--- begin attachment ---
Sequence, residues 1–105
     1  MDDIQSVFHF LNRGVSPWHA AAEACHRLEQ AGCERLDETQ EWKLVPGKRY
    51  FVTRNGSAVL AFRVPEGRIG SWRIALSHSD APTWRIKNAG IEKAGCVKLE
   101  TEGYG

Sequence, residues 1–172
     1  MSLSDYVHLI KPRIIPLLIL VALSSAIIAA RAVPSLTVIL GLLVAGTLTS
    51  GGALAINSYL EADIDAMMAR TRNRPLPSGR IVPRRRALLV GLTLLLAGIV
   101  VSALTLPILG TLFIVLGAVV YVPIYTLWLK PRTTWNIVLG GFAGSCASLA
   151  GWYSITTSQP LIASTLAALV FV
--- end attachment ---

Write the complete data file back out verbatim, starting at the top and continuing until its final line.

Sequence, residues 1–105
     1  MDDIQSVFHF LNRGVSPWHA AAEACHRLEQ AGCERLDETQ EWKLVPGKRY
    51  FVTRNGSAVL AFRVPEGRIG SWRIALSHSD APTWRIKNAG IEKAGCVKLE
   101  TEGYG

Sequence, residues 1–172
     1  MSLSDYVHLI KPRIIPLLIL VALSSAIIAA RAVPSLTVIL GLLVAGTLTS
    51  GGALAINSYL EADIDAMMAR TRNRPLPSGR IVPRRRALLV GLTLLLAGIV
   101  VSALTLPILG TLFIVLGAVV YVPIYTLWLK PRTTWNIVLG GFAGSCASLA
   151  GWYSITTSQP LIASTLAALV FV